A belated Australia Day post

Dear friends, this post is not about craft. Just so you know in advance.

Australia’s national day is January 26, so this post is well past its original date.  I was overtaken by events in January. But I was also overtaken by my own feelings on this subject and having revisited this post several times since, still find it hard to choose what exactly to say.

‘Our’ national day is supposed somehow to commemorate the claiming of this continent as part of the British Empire and also to celebrate our nation and people. This is a tough balancing act. Impossible in a colonised country, I would say. On the date commemorated, the colonising power had only the vaguest idea of the coast and knew even less about the interior.  Of the hundreds of first nations and language groups–they knew almost nothing. Indigenous Australians were never conquered: at the point of colonisation most had never encountered anyone British.  They never ceded sovereignty over their lands. The few places where efforts at treaty were begun were abandoned by the colonisers.

Although it was bloody and violent, in my own lifetime this process has often been called ‘settlement’ by non Indigenous Australians; and almost never referred to as a war. So non-Indigenous and white Australians (I speak as a non-Indigenous white person) have a long history of not  being able to speak the names of what our ancestors did here. Those whose families arrived here more recently sometimes find this just as difficult: but in recent decades and since the end of the white Australia policy, more people arrive here from countries which have themselves been colonised, so this may yet change.

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I had just a small number of days at home around the date. We are currently having an intermittent national debate about whether to change the date of Australia Day. Doing so would at least acknowledge the pain of Indigenous people who are now expected to tolerate ‘the nation’ being celebrated on a date representing colonisation and dispossession. Some prefer to call it Invasion Day. Some call it Survival Day. This graffiti was amended by a racist response, and then a riposte, and then obliteration–all in the course of a week.   January 26 is not a date I celebrate, and this year I got up and ran as usual. I know I was planning   a blog post, but all that I have of my thoughts are some images.

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This first is one of my guerilla plantings of carprobutus, after we had a heatwave that went all the way to 47C. That is not a typo, and Adelaide was not the hottest place in the state. When I was planting this, a gentleman came past apparently bent on persuading me of the futility of my endeavours. I told him I really thought this plant could make it and that was why I had chosen it. He responded by almost claiming I was cheating–so tough is this plant. Just look at it here. Sometimes when I am at a railway station or beside a road, I am looking at ugly (though–often important) infrastructure, and the blighted land that so often surrounds it, regularly poisoned, covered in rubble, a repository for rubbish all too often. I think about the fact that once, and not so long ago, none of this was here.  In this place, now a suburb, was dense forest of which no visible clue now remains. This land, and not only places that are still forest or desert or scrub, was once revered as the mother by people who had not faced colonisation.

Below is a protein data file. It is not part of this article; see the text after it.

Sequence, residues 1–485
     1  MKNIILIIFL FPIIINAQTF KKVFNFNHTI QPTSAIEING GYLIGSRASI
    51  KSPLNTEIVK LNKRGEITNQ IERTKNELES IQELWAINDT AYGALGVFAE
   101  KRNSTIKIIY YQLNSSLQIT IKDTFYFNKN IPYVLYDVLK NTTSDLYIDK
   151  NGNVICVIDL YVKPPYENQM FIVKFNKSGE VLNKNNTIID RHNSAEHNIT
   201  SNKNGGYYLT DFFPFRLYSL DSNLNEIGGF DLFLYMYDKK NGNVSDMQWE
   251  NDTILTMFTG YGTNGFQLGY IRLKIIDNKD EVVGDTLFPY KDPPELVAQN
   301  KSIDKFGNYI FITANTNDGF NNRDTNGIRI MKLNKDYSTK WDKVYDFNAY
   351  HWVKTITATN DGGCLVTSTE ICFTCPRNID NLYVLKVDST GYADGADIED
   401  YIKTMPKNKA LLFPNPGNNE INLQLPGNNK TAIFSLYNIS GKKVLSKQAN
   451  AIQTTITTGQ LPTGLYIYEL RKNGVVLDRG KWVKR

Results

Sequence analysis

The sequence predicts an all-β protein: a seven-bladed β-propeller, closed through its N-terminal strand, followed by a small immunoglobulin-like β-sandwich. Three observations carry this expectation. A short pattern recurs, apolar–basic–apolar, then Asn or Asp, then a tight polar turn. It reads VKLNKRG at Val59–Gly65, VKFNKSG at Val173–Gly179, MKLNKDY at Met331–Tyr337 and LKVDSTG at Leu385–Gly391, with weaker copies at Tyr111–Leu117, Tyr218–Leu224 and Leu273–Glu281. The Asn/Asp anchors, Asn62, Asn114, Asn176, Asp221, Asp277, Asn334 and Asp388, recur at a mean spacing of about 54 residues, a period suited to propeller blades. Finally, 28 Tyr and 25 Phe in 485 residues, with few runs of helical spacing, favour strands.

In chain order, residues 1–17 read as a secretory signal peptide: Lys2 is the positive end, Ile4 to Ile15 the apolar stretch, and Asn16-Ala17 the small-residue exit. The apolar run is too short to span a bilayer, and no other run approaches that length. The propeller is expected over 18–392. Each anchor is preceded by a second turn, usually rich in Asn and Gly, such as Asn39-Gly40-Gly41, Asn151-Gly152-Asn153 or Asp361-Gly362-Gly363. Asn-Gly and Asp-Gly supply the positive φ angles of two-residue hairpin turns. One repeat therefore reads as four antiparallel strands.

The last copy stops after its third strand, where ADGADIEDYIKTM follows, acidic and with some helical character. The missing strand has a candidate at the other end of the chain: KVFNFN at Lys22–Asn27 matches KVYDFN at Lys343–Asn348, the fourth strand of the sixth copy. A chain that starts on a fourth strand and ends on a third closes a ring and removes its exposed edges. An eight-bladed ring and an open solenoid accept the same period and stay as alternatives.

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A little further on, the intense heat has killed trees. This is not exceptional–our city is scattered now with full grown trees that have died since that heat wave. Here is part of the landscape I run through, near where the graffiti above appeared. Care for land is central to every account of Indigenous life and law and ethics I have ever encountered from a person or in a written account. Nothing like the city I live in could spring from this ethic. Nor could the inaction on climate change that has us already facing 47C. IMAG2248

From here, I run into the parklands and then into the cemetery. Here too, vegetation is scorched. Right through the suburbs, even now there are shrubs and trees covered in crisp leaves like these. If they were not regularly watered, these plants could not live here at all.

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It’s interesting running through the cemetery.  It has me thinking about all manner of things I otherwise might not. For instance, about the imperial war graves.  So many of them.  Yet these are only the graves of returned servicemen from particular wars, who died after returning from those wars. These very numerous graves are therefore not the total picture.  They do not recognise the frontier wars, for instance. They gesture toward the carnage of war which is in reality so much worse than this, and they make the violence that created what we know as Australia today, invisible.